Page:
I started getting information and pictures during RootsTech 2014 - hard to know which was more exciting, the conference or getting the information.     I did learn that Ruby was not a pilot, she worked in an office and her then suitor, later husband, Joe was the pilot.

So......... this is Ruby's story - at least the parts I know so far...........

Ruby was born in Kaysville Utah on February 24, 1915.  She was the oldest of 4 children - my grandfather, Cecil Rasmussen, the youngest.    Ruby's father, James, worked for the railroad.  The family moved around a bit as James duties required - Kaysville, Roy, Ogden.    The family lived mostly in section homes, but their mother, Sarah Jackman wanted a house of her own.    A couple of years before she died - when the children were all in their teens, James bought an acre of land in Sunset and built a home.   The 2 boys, Cecil and Ivo helped, as did family friends, their way of repaying James for his help in building many of their homes.  The house was completed a couple of years before Sarah died in 1935.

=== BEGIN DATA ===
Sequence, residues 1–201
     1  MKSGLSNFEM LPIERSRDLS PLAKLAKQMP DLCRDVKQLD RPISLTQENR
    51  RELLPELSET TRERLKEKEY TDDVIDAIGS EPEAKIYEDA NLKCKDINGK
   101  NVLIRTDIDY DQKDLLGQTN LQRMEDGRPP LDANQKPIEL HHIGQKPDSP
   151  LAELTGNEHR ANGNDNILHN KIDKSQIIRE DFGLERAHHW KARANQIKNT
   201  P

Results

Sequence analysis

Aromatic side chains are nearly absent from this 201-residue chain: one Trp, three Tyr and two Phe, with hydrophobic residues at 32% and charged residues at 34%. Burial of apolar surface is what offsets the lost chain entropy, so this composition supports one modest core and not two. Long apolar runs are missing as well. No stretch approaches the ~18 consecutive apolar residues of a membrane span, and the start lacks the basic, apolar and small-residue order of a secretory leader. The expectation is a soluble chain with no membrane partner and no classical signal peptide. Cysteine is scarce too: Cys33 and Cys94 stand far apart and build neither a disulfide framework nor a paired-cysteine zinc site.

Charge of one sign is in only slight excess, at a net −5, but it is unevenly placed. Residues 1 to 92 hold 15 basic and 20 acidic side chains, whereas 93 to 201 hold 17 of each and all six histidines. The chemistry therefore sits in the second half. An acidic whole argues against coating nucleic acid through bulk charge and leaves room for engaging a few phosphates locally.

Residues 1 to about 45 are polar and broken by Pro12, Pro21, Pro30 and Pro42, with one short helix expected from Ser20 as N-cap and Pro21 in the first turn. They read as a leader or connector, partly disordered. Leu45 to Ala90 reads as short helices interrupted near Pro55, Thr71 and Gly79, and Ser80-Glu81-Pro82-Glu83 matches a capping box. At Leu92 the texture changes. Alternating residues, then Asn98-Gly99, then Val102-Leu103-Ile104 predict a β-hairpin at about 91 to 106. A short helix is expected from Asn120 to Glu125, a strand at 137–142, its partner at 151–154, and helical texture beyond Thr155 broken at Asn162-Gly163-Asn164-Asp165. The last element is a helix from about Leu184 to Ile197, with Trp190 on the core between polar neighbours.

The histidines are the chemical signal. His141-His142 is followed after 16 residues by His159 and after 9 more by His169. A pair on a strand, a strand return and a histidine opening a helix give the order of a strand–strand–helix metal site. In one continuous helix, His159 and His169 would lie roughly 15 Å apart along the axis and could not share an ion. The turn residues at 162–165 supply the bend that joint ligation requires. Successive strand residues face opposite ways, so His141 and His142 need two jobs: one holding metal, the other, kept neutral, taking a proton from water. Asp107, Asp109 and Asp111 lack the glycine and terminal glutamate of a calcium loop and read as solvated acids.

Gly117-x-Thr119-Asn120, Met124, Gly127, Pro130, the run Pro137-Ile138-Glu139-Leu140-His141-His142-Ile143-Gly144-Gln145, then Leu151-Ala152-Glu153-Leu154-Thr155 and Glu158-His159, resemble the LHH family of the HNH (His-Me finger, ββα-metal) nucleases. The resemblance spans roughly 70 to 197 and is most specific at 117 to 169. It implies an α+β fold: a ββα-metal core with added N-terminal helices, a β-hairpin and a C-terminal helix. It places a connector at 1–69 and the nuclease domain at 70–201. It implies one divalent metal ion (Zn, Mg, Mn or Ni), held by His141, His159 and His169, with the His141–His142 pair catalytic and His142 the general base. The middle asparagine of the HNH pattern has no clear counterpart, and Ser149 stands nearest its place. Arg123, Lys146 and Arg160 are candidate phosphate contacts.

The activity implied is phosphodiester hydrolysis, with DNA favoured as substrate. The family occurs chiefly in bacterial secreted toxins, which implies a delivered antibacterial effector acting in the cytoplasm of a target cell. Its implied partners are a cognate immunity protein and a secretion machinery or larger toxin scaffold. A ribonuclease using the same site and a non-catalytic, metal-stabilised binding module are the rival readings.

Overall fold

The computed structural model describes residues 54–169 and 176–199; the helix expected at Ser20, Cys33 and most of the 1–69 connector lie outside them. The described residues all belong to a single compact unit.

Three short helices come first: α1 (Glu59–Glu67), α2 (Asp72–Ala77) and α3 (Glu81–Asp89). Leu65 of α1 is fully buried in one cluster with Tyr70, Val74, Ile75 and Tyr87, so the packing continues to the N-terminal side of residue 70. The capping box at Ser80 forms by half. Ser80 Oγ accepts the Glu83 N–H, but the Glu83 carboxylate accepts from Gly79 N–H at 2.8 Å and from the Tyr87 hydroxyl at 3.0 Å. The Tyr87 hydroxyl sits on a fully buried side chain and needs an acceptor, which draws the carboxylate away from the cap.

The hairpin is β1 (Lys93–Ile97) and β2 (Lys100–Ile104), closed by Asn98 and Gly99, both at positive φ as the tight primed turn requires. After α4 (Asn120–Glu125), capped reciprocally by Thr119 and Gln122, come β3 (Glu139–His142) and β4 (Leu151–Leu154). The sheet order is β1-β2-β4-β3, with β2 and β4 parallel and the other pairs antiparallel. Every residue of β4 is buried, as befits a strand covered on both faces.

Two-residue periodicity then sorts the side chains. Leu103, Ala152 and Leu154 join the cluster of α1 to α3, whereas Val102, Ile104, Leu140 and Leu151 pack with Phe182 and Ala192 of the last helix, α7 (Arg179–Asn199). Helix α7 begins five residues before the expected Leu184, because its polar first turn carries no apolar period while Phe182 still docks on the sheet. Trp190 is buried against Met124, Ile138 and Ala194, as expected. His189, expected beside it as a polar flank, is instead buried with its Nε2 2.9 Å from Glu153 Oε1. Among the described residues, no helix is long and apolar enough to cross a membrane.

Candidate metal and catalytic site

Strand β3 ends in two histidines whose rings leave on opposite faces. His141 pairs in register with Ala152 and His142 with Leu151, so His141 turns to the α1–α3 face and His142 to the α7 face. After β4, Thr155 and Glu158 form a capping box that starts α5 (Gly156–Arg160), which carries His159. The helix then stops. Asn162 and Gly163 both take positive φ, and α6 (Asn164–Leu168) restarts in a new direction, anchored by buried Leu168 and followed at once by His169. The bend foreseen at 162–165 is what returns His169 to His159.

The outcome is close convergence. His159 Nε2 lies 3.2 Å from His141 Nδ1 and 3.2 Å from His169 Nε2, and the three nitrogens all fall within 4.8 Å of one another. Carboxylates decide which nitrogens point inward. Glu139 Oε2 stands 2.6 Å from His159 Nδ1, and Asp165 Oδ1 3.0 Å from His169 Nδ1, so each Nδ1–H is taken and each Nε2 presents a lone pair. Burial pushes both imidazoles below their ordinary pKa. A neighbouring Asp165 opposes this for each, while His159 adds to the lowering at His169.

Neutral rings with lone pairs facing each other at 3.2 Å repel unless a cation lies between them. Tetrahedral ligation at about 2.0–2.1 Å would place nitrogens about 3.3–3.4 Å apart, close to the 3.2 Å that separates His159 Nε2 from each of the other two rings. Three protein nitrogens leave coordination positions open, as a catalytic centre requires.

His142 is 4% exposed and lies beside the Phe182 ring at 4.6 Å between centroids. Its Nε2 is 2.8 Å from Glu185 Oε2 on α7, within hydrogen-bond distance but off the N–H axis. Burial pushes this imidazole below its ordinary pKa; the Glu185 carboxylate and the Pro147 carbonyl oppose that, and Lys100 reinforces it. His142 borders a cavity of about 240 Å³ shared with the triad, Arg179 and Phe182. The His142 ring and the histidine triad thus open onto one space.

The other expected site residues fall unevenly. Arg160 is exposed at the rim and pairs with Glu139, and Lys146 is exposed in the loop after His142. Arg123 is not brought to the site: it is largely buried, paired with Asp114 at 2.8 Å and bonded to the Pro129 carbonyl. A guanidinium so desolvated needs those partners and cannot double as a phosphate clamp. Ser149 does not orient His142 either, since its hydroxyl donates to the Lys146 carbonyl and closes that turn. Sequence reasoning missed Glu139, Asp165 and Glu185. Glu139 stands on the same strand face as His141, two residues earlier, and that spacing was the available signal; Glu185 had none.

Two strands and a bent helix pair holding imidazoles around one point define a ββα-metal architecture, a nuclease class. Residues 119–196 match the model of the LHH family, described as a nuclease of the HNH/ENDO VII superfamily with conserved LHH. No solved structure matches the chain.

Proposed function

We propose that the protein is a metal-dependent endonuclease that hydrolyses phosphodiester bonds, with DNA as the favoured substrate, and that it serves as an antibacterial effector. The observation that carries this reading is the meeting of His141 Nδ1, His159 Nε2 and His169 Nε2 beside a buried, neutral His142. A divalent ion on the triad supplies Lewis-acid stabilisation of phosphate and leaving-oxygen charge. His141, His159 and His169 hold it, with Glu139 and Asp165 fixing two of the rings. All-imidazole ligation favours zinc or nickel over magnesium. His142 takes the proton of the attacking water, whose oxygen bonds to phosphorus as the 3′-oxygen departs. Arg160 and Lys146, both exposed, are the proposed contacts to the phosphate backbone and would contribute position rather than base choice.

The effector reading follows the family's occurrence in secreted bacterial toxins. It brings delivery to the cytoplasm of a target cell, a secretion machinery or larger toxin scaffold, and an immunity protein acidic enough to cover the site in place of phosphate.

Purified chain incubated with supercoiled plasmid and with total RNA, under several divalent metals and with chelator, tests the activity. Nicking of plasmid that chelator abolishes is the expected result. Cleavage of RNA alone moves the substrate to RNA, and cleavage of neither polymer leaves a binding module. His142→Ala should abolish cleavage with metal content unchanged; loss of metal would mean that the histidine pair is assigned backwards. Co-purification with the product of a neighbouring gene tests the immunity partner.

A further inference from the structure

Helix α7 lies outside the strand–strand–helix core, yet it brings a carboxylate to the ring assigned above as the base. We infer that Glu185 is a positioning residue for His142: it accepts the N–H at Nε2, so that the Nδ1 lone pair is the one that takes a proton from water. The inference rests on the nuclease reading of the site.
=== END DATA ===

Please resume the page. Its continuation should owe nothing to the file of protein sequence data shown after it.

Ivo, Ruby, Cecil (Baby), Grace Rasmussen

My family is full of people with strong personalities.    Ruby's granddaughter mentioned that she believed that her grandmother was a bit of a rebel.  The information I have put together seems to support that.

My grandfather wrote a story about Ruby and an unfortunate encounter with a old pistol - shortly after the family moved into the new house. These are his words:

"Not long after we moved into the new house, I was outside playing with an old 22 pistol and it was worn out and you had to revolve the cylinder with your fingers.  Anyway, it accidentally fired and the bullet went through my right side between the hip and ribcage, it was a lucky shot.  It scared me and I didn't want to go in the house and tell what had happened.  I was afraid mother might have a heart attack.  I waited awhile and finally went in and got my sister to notice me.   I told her what happened adn she caled everybody down and took me to the hospital.  The doctors laughed about it.  They ran a swab through the hole and disinfected it, they fastened each end shut with a stapler.  Then they gave me a lockjaw shot and we left for home.
By the time we got there I was starting to get hives and had a terrible itching, my joints were swelling and I was trying to cough my insides out.  It was a serious condition, but no one realized it.  Anyway, through the night the itching and coughing stopped but all my joints were swollen and I could hardly move.  They tried to get me up but I would only crawl.